by Valerie Valentine
Found objects mix up fine art. Materials besides paint and canvas can dress a creation up or down, depending on what the artist uses: a gemstone would add different zang than a piece of industrial debris, for example. Gallery director and show curator for Stevens Square Center for the Arts, Gerald Prokop proves in Coarse Grain that found objects create cause for reflection. Artists can change an item’s meaning by taking it out of its everyday place in the world and surrounding it with artistic space.
Dadaist Marcel Duchamp championed the found object movement
with his ready-mades like “Fountain,” a simple urinal. Cubists and
surrealists in the 20th century used materials like previously printed paper
in collages, and construction supplies in assemblages. These techniques are
now commonly employed by artists, particularly in installation pieces and sculpture.
Painting by Adam Ridgeway [right]
The artists in the Coarse Grain SSCA show are painters primarily;
some experiment with found surfaces for paint, others use bits and pieces to
make collage. Employment of texture unifies the distinct artists. Cory Rasmussen
uses burlap as a surface for his paintings. The irregular cloth absorbs paint,
and the fibers lay flat or stand straight up. From far away the roughness is
not apparent, but the figure is; close up, the posed “Muse” dissolves
into rich wavy lines on a thick sea of color.
I have admired Nicole Jensen’s work for a long time.
A photograph print of hers hangs in my office. I spied a bit of the skulls from
it reprinted for use in her mega self portrait, “Lit.” This collage
is all eyes and lips. Almost alien, the eyes are the focus of the piece, made
from lights off a traffic construction sign. In “Frustration,” Jensen
uses fishnet and bloody-black oils to create a gothic patchwork, fraught with
inky pleas of want and need. “Map” bears striking resemblance to
what I imagine Mars surface would look like under light of radiation, with chunky
layers of paint, glass beads and fur. She also uses bubble wrap in her “Ice
Bunny” piece. I’d give her first prize for “use of most unlikely
Adam Ridgeway comes in a close second. His works are bizarre,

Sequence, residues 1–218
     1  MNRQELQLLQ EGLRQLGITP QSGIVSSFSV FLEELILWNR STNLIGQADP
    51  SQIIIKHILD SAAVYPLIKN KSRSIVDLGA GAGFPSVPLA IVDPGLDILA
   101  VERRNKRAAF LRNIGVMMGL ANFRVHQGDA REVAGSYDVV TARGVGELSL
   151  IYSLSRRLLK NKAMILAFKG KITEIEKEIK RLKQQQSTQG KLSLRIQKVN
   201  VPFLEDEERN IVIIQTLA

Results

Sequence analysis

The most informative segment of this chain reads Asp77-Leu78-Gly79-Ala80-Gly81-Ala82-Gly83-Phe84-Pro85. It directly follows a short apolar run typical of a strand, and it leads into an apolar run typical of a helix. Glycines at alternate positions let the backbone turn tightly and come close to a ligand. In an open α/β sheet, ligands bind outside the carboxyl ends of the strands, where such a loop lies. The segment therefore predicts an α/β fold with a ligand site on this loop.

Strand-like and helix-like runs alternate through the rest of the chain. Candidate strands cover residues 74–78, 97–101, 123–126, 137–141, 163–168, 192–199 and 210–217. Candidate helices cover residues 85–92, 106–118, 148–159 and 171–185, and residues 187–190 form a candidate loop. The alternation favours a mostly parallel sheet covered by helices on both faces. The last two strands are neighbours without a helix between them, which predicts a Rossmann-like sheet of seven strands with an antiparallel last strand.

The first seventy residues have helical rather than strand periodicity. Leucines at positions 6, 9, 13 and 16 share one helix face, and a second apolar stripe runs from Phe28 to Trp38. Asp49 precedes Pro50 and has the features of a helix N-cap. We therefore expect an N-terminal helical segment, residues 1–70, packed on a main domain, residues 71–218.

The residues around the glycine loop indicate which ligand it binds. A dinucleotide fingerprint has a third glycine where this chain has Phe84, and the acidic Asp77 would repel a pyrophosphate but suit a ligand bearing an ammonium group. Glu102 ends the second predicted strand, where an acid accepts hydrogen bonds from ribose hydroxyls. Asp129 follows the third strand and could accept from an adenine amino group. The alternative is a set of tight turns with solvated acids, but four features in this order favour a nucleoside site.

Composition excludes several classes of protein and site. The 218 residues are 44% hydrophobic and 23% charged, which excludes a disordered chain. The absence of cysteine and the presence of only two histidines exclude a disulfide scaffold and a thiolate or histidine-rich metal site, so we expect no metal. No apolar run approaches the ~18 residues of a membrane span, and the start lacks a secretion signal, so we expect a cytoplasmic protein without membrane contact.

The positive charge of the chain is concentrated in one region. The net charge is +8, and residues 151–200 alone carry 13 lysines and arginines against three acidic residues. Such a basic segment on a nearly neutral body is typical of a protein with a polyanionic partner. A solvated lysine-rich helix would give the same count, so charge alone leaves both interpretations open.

sketchy portraits and landscapes. “King Tut (na na na na na na)”
globs paint, pencil, stickers and other media for a futuristic map of Egypt,
or maybe a more local topography. His acrylics always pulsate with rich color,
and text lends a graffiti aesthetic. Ridgeway prices his art affordably, too—as
low as fifteen bucks for “Starlight Swipe,” which looks like a piece
torn right out of the night sky.
Layered precision marks the work of Jeremy Szopinski. Deliberate
use of screens hovering over canvas makes for an eerie and clever vista into
portraiture. The ghostly quality of a face atop a face (created by the painted
screens’ transparency) exhibits multiple perspectives of the subjects’
personalities. “Three Politicians” is a sympathetic portrait of
men in the public eye. Each pose shows the subjects looking sincere and friendly,
but the see-though tiers allude to depth beyond the visual. Szopinski emphasizes
the skeletal structure of his subjects, suggesting mortality inherent in a very
popular found object, the human figure.
SSCA has got a lot going for it. Thoughtful shows are planned
out for future months. They’ve got a youth arts studio program, generating
pictures that remind us of the profundity inherent to innocence; kids have a
way of freshly interpreting emotions like joy and pain. The cooperative set-up
makes for a community of emerging artists to inspire and critique each other.
Coarse Grain runs through May 23 at Stevens Square Center
for the Arts. 1905, 3rd Ave. S., Mpls. 612-879-0200.
Also, look for some SSCA artists at Red Hot Art, running
at Stevens Square Park June 5-6.